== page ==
After missing playoffs, Giants look to bounce back
By TOM CANAVAN | July 24,2013
AP FILE PHOTO
New York Giants coach Tom Coughlin watches players during a football practice in East Rutherford, N.J. on June 6. The Giants, Super Bowl champs two years ago, are aiming for a return to the postseason.
EAST RUTHERFORD, N.J. — A year ago, the New York Giants failed miserably in their bid to get back to the Super Bowl and defend their title.
This year, the Giants just want to stay home — and become the first NFL team to play the Super Bowl in their backyard.
The first cold-weather Super Bowl is being held in New Jersey, and the Giants have the offense to get there.
Eli Manning is in his prime. The dynamic Victor Cruz is re-signed and there are enough pieces on the offense to make coach Tom Coughlin’s team’s a threat for a third title in seven years.
The question mark is the running game in the post-Ahmad Bradshaw era.
The concern, however, is the defense, the unit that was the key to titles in the 2007 and `11 seasons. It was the NFL’s second worst in 2012 and the new-look unit needs to be better.
“We missed the playoffs last year,” Manning said. “That’s the goal. You can’t win a championship if you don’t make the playoffs. It is about doing whatever it takes and making sure we’re putting ourselves in position to make the playoffs toward the end of the season and then excelling at the end of the season to finish that job.”
The Giants (9-7) didn’t miss the playoffs by much. The difference was a 3-5 finish after a 6-2 start.
Five things to look for as the Giants opening training camp:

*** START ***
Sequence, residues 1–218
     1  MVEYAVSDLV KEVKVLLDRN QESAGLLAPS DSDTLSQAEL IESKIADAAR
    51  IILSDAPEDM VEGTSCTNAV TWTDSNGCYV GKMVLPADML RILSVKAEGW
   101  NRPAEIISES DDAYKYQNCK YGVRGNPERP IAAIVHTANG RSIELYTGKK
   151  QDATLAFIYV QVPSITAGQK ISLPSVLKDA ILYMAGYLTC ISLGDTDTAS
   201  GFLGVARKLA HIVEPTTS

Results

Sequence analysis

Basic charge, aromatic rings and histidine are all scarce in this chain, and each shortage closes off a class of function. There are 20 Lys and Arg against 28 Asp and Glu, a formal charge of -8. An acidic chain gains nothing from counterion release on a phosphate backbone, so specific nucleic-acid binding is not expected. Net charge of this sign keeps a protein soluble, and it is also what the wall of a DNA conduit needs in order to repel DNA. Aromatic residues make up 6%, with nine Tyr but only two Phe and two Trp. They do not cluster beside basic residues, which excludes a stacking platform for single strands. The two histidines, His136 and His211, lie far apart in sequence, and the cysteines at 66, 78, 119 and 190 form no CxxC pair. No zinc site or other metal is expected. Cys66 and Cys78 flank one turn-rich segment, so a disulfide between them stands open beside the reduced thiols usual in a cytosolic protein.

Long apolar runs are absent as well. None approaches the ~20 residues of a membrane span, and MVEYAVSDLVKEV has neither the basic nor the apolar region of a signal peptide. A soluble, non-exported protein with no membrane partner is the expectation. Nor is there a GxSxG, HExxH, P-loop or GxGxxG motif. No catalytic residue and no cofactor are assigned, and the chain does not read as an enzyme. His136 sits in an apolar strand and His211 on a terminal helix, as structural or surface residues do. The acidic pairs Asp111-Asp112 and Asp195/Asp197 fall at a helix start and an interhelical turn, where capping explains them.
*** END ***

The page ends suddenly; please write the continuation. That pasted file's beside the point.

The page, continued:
1. JPP READY OR NOT: Defensive end Jason Pierre-Paul, the catalyst of the defense with 27½ sacks in 48 games, had surgery to repair a herniated disk in his lower back in June. The recovery time was expected to be 12 weeks which makes him a question mark for the start of the season. With the loss of Osi Umenyiora to free agency, Mathias Kiwanuka is back at DE. Third-round draft pick Damontre Moore has some of that freakish pass-rush talent that JPP has exhibited and he might be the surprise this season.
2. WHO’S IN THE RUNNING? Manning is going to have new faces in the backfield. David Wilson, the first-round pick in 2012, is the No. 1 back with the release of Bradshaw in a salary-cap move. Wilson is a breakaway threat but he has to prove he can pick up the blitz. Andre Brown is No. 2 despite coming off a broken leg. The other concern is at fullback. Henry Hynoski needed surgery on his left knee after being injured in the June minicamp.
3. NICKLE AND DIME DEES: With questions at linebacker and a plethora of seasoned defensive backs, expect the Giants to use a lot of nickel and dime defenses. The three-safety formation was a staple in the run to the Super Bowl in 2011, so coordinator Perry Fewell probably will roll out more gimmick defenses to match the more pass-orientated NFL. Look for veterans Antrel Rolle, Stevie Brown, Ryan Mundy, Corey Webster, Prince Amukamara, Aaron Ross and Terrell Thomas — coming off two ACL surgeries — to lead the way.
4. HAKEEM NICKS MIGHT BE KEY: While Manning and Cruz are the offensive catalysts, New York needs a healthy Nicks at wide receiver to open things up. Nicks, entering the final year of his contract, refused to attend voluntary offseason workouts after struggling last season. He broke his right foot in minicamp and hurt his left knee in the second week of the season. A 1,000-yard receiver in 2010 and 2011, he had 53 catches for 692 yards and three touchdowns last season. He can be a second game-breaker if healthy. Second-year receiver Rueben Randle and free agent signee Louis Murphy, a speedster, might surprise.
5. NEW KIDS IN THE HUDDLE: Veteran Josh Brown replaces Lawrence Tynes as placekicker. Top draft pick Justin Pugh should push veteran David Diehl at right tackle. Second-round pick Johnathan Hankins should see time at defensive tackle, even though free-agent signee Cullen Jenkins and Linval Joseph probably will start. Brandon Myers, who had 79 catches for 806 yards with Oakland last season, gives Manning his first proven tight end entering a camp since the days of Jeremy Shockey and Kevin Boss.
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